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Welcome to the exciting world of cybersecurity

Begin your journey into cybersecurity! You’ll explore the cybersecurity field, and learn about the job responsibilities of cybersecurity professionals.

Understand risks, threats, and vulnerabilities

When security events occur, you’ll need to work in close coordination with others to address the problem. Doing so quickly requires clear communication between you and your team to get the job done.

Previously, you learned about three foundational security terms:

  • Risk: Anything that can impact the confidentiality, integrity, or availability of an asset

  • Threat: Any circumstance or event that can negatively impact assets

  • Vulnerability: A weakness that can be exploited by a threat

These words tend to be used interchangeably in everyday life. But in security, they are used to describe very specific concepts when responding to and planning for security events. In this reading, you’ll identify what each term represents and how they are related.

Security risk

Security plans are all about how an organization defines risk. However, this definition can vary widely by organization. As you may recall, a risk is anything that can impact the confidentiality, integrity, or availability of an asset. Since organizations have particular assets that they value, they tend to differ in how they interpret and approach risk.

One way to interpret risk is to consider the potential effects that negative events can have on a business. Another way to present this idea is with this calculation:

Likelihood x Impact = Risk

For example, you risk being late when you drive a car to work. This negative event is more likely to happen if you get a flat tire along the way. And the impact could be serious, like losing your job. All these factors influence how you approach commuting to work every day. The same is true for how businesses handle security risks.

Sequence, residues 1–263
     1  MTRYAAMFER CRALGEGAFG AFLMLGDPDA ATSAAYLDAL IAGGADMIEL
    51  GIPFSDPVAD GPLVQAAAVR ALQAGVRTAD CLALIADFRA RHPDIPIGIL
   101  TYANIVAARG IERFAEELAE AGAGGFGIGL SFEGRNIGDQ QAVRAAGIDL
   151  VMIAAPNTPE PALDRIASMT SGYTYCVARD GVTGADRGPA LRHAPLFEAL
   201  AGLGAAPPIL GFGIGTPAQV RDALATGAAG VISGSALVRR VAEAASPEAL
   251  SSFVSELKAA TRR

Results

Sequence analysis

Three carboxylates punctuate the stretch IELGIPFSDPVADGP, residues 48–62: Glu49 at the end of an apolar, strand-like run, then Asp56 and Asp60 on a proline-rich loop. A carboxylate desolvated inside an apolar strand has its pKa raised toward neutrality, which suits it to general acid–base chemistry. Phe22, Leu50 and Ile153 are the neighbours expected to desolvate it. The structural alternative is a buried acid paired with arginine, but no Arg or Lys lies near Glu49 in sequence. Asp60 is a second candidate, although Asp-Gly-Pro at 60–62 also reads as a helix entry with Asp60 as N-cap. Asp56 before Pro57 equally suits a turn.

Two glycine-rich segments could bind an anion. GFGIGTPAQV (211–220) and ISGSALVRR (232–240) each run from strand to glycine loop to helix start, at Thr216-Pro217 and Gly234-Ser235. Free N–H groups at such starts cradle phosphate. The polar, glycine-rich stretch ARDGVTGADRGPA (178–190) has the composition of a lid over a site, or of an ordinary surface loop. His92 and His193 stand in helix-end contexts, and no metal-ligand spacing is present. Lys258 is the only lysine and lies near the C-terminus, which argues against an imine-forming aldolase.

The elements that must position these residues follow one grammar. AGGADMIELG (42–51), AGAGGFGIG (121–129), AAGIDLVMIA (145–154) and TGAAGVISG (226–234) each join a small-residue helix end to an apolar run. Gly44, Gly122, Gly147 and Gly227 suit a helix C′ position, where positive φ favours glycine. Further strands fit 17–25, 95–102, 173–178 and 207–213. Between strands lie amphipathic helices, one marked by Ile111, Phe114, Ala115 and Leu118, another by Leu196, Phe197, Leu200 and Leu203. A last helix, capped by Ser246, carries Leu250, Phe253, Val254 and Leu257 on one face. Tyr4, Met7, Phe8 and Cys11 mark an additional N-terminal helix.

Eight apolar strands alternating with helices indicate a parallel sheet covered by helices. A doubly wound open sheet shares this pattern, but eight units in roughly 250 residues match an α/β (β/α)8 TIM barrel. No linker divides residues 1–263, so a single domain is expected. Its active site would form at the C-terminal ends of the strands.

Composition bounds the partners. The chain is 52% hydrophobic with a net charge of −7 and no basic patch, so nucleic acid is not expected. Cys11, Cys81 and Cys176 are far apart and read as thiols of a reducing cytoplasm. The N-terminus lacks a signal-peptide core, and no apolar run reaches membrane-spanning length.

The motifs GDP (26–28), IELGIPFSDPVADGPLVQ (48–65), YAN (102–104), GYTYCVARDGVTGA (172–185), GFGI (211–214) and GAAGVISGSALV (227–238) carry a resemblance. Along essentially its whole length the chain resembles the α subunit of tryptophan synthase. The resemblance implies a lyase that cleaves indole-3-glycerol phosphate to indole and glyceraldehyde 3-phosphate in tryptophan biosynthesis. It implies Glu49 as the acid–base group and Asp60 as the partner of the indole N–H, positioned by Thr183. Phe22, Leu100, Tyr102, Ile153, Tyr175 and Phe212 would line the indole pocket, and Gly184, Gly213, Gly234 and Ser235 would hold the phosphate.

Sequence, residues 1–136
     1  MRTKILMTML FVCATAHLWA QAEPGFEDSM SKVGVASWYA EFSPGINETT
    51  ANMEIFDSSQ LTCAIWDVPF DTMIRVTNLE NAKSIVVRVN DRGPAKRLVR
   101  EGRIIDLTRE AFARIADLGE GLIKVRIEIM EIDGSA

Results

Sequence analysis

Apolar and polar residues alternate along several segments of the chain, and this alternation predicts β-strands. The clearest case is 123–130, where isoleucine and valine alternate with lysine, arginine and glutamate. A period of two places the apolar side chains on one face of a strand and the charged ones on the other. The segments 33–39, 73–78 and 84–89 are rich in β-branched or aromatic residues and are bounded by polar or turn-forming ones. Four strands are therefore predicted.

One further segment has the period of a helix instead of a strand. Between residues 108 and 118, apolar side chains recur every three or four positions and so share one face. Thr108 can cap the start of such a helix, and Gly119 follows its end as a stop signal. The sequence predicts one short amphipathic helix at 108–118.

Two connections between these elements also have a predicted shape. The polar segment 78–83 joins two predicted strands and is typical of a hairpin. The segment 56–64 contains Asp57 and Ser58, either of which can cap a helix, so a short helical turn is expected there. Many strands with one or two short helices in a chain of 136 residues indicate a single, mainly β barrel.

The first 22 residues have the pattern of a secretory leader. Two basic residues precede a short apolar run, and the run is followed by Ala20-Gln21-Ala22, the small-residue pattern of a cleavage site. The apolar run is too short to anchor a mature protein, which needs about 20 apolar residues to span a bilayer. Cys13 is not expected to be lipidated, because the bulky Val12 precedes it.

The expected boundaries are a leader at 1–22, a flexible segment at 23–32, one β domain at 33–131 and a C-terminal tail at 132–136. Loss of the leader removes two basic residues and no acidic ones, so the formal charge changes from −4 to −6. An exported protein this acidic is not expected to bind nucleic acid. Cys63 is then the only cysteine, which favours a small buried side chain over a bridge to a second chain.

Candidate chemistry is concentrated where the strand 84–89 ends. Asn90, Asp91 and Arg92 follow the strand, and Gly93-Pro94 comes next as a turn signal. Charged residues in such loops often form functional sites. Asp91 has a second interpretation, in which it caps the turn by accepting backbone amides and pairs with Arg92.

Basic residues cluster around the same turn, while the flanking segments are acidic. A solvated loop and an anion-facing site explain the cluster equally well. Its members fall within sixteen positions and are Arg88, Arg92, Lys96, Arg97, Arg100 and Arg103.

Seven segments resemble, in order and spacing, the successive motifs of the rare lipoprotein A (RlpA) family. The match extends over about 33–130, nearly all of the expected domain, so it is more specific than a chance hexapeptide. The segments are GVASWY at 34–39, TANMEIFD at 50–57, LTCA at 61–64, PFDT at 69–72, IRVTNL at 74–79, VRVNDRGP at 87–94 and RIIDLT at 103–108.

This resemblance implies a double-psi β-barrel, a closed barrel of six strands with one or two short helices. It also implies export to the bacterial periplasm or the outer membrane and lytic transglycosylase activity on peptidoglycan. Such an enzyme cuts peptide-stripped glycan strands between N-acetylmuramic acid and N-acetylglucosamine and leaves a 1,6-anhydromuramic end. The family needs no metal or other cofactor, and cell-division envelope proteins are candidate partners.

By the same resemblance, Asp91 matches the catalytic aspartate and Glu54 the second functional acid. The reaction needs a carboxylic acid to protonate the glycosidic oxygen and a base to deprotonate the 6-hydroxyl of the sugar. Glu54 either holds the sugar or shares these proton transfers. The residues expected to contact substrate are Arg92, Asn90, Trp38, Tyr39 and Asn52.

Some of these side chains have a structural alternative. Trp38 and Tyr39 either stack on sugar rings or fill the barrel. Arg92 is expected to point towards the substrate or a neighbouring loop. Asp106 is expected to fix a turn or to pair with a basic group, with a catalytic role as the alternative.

In general, we calculate risk in this field to help:

  • Prevent costly and disruptive events

  • Identify improvements that can be made to systems and processes

  • Determine which risks can be tolerated

  • Prioritize the critical assets that require attention

The business impact of a negative event will always depend on the asset and the situation. Your primary focus as a security professional will be to focus on the likelihood side of the equation by dealing with certain factors that increase the odds of a problem.

Risk factors

As you’ll discover throughout this course, there are two broad risk factors that you’ll be concerned with in the field:

  • Threats

  • Vulnerabilities

The risk of an asset being harmed or damaged depends greatly on whether a threat takes advantage of vulnerabilities.

Let’s apply this to the risk of being late to work. A threat would be a nail puncturing your tire, since tires are vulnerable to running over sharp objects. In terms of security planning, you would want to reduce the likelihood of this risk by driving on a clean road.

Categories of threat

Threats are circumstances or events that can negatively impact assets. There are many different types of threats. However, they are commonly categorized as two types: intentional and unintentional.

For example, an intentional threat might be a malicious hacker who gains access to sensitive information by targeting a misconfigured application. An unintentional threat might be an employee who holds the door open for an unknown person and grants them access to a restricted area. Either one can cause an event that must be responded to.

Categories of vulnerability

Vulnerabilities are weaknesses that can be exploited by threats. There’s a wide range of vulnerabilities, but they can be grouped into two categories: technical and human.

For example, a technical vulnerability can be misconfigured software that might give an unauthorized person access to important data. A human vulnerability can be a forgetful employee who loses their access card in a parking lot. Either one can lead to risk.

                     Ethical concepts that guide cybersecurity decisions


Previously, you were introduced to the concept of security ethics. Security ethics are guidelines for making appropriate decisions as a security professional. Being ethical requires that security professionals remain unbiased and maintain the security and confidentiality of private data. Having a strong sense of ethics can help you navigate your decisions as a cybersecurity professional so you’re able to mitigate threats posed by threat actors’ constantly evolving tactics and techniques. In this reading, you’ll learn about more ethical concepts that are essential to know so you can make appropriate decisions about how to legally and ethically respond to attacks in a way that protects organizations and people alike.